Director: Lasse Hallström
Stars: Ewan McGregor, Emily Blunt, Amr Waked
Plot: A cynical fisheries expert is employed by a sheikh to bring salmon to the Arabian Desert, but discovers that realising this seemingly impossible dream will change his life forever.
Fishing is often reported as being the biggest participation sport in the UK which is surprising given the widespread appeal of football to people of all ages. Even so, making a film based around a bloke sitting by a river would arguably be like watching paint dry for many, so adding some romance, drama and an exotic location certainly helps. Salmon Fishing in the Yemen sounds like the most random title ever, but does the premise of moving fish into a desert make for an entertaining movie?
Alfred ‘Fred’ Jones (MacGregor) works as a fisheries expert for the British government, giving advice on the country’s fish stocks and how to farm them effectively. UK-based consultant Harriet Chetwode-Talbot (Blunt) is tasked with representing rich Yemeni Sheikh Muhammed (Waked), who wants to realise his dream of being able to go fishing in his backyard. The minor detail which he hopes Harriet can help with, is that the area in which the fish need to be deposited, is surrounded by desert. Harriet sends an email to Fred asking for his help, but he flatly refuses and dismisses the plan as unfeasible and ludicrous. Meanwhile, at the Prime Minister’s office, press secretary Patricia Maxwell (Kristin Scott Thomas) is desperately looking for a positive story to run, in order to deflect public opinion away from the ongoing war in Afghanistan. She tasks her team to find something through search engines and one of them sends through some information about the email exchange between Harriet and Fred – Patricia decides to pursue it further.
The story of Anglo-Arab cooperation is thereby pounced on by the British government, with the blessing of the Prime Minister. Patricia contacts Fred and his employers who in turn persuade him to take on the challenge as a duty to his country. Fred is simultaneously going through a period of marital strife, as his wife Mary (Rachael Stirling) is becoming increasingly estranged and uses a business trip to Geneva as a veiled statement that she wishes for them to separate. Meanwhile, Harriet’s love life is equally fraught – she has been dating soldier Tom (Robert Mayers) for a few weeks, but then he is ironically posted to (presumably) Afghanistan. As Fred and Harriet being working together, Fred finds himself falling for his attractive colleague, although she is unsure about her feelings, Harriet becomes worried when Tom goes missing in action. The project itself begins with a few hitches, but once a suitable area of water is determined and the supply of fish is attained, the plan finally starts coming together. However, it becomes clear that the sheikh’s plan does not have the entire support of the local tribesmen.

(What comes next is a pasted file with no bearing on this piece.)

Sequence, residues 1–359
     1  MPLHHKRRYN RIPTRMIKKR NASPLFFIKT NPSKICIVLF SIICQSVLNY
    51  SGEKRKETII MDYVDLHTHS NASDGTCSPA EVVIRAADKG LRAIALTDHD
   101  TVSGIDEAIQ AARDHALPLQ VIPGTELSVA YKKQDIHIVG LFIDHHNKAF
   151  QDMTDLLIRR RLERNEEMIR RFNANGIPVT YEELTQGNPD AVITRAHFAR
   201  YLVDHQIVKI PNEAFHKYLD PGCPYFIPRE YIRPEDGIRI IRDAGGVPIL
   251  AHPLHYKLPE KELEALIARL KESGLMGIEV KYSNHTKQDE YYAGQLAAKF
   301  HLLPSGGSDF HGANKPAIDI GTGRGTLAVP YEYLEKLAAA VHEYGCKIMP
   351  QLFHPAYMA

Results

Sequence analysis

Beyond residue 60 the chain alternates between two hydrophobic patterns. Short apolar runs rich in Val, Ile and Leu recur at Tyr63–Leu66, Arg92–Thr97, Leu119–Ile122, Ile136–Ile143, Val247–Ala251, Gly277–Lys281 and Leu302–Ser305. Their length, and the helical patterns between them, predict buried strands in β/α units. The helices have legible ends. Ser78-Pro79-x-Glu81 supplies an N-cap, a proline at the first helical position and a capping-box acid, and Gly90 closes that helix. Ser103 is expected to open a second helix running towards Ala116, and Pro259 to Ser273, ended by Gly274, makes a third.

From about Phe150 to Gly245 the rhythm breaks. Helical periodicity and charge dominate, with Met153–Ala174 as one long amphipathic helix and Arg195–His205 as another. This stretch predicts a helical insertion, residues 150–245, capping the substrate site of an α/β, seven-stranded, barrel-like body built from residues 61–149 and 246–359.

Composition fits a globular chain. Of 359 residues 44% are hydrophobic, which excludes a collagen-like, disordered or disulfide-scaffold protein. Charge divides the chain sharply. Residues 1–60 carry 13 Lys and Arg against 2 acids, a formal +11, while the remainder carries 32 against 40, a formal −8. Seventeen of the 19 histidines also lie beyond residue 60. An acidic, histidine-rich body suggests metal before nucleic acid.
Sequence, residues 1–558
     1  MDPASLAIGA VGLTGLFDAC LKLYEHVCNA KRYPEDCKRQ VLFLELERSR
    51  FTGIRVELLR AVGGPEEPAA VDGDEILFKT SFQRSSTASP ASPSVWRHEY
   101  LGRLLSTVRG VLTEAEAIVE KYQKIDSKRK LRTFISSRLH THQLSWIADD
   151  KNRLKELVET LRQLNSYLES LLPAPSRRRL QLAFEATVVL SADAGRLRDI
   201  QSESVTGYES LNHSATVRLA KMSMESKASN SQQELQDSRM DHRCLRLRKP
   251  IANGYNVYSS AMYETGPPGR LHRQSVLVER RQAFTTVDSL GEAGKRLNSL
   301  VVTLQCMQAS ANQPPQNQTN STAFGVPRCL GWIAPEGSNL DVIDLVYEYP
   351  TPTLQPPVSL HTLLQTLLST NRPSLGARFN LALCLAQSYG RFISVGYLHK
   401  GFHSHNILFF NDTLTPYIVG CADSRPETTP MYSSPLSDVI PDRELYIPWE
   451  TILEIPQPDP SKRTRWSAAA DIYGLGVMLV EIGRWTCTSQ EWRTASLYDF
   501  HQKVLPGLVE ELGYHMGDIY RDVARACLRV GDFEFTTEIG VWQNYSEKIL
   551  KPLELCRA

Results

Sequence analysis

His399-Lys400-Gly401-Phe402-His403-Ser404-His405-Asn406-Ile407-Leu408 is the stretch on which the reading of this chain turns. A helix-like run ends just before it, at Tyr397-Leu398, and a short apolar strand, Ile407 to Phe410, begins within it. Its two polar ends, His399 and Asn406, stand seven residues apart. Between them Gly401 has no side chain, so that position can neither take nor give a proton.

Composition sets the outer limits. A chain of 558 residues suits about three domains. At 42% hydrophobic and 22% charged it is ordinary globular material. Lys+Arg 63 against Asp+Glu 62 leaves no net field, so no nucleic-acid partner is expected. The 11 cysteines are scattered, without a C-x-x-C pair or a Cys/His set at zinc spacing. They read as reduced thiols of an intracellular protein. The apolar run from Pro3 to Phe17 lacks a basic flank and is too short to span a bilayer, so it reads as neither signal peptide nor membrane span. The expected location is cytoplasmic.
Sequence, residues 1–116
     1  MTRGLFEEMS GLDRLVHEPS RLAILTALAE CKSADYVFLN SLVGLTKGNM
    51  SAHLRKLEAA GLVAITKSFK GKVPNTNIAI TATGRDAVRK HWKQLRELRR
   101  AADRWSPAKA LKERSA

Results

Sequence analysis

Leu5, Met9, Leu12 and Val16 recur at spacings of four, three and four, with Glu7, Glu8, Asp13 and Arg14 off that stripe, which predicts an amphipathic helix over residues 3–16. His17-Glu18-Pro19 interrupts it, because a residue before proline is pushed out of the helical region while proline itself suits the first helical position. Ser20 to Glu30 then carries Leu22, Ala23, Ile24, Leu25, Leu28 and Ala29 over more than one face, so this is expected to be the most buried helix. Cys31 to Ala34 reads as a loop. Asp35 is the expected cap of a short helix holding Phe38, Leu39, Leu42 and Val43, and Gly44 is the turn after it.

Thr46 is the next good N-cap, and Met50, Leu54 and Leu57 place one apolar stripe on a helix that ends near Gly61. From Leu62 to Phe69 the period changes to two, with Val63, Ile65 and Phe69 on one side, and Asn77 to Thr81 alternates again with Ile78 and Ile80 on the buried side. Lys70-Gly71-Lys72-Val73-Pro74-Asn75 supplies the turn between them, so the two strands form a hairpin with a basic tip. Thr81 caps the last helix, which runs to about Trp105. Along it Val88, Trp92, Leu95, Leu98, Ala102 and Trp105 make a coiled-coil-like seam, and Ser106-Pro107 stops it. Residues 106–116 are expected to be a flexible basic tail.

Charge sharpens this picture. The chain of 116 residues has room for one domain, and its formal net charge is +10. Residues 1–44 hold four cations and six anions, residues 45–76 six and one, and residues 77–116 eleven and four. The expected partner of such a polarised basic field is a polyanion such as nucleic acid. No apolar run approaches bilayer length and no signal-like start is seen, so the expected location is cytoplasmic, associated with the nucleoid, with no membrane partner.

Salmon Fishing in the Yemen is and only could be a quaint, British romantic comedy-drama. There isn’t anything ground-breaking or different from countless similar films of the same calibre. The usual British wit is evident throughout, but these moments are sadly few and far between. Paul Torday’s novel of the same name won the 2007 Bollinger Everyman Wodehouse Prize for comic writing but, as we have seen time and time again, film adaptations do not always live up to the hype of their literary parent. There is a barrage of information about salmon fishing that is packed into the first half an hour or so – this sets up the audience so that we aren’t carried off on a rogue rip tide when trying to understand the logistics of the plan. Thankfully it isn’t preachy or condescending and doesn’t linger so much as to take away from the plot itself – it is in fact all done in quite an entertaining way. Once the technical details have been dispensed with, the style of the film is entirely what you would expect with its mostly gentle comedy and straightforward story which never really springs any surprises.
Ewan McGregor, having played a plethora of English and American characters, here plays a Scot which he appears to be more comfortable with. Even when he puts on his pseudo-American-Perth accent, he never really looks at home so it makes a nice change to see McGregor back on home turf. Emily Blunt, whose film career is still on the up with starring roles across various genres, is well cast as consultant Harriet. Blunt is a talented actress and the hope is that she continues to show her versatility without descending into Jennifer Aniston/Katherine Heigl territory, by getting typecast in romantic comedies – even though she’s clearly proficient in this area. Out of all the few genuinely amusing moments, it is Kristin Scott Thomas who gets all the best lines. In fact, most of the witticisms are typed on her computer as her character Patricia has a series of instant messenger conversations with the Prime Minister that supposedly mirrors the sardonic wit of In the Loop’s Malcolm Tucker (Peter Capaldi), but is in effect pale in comparison – this is a rom-com after all. Lasse Hallström’s direction and Terry Stacey’s cinematography create a scenic tour of the film locations of Scotland and Morocco, but the script isn’t nearly as enjoyable.
Paul Torday’s novels following Salmon Fishing in the Yemen feature a man who drinks himself to death (The Irresistible Inheritance of Wilberforce) and then a novel about schizophrenia and racism (The Girl on the Landing), so it could have been worse. Salmon Fishing might be a rather wishy-washy affair with token drama that seems to have been shoved in, but it’s a decent film and a good tourist advert for the Atlas Mountains.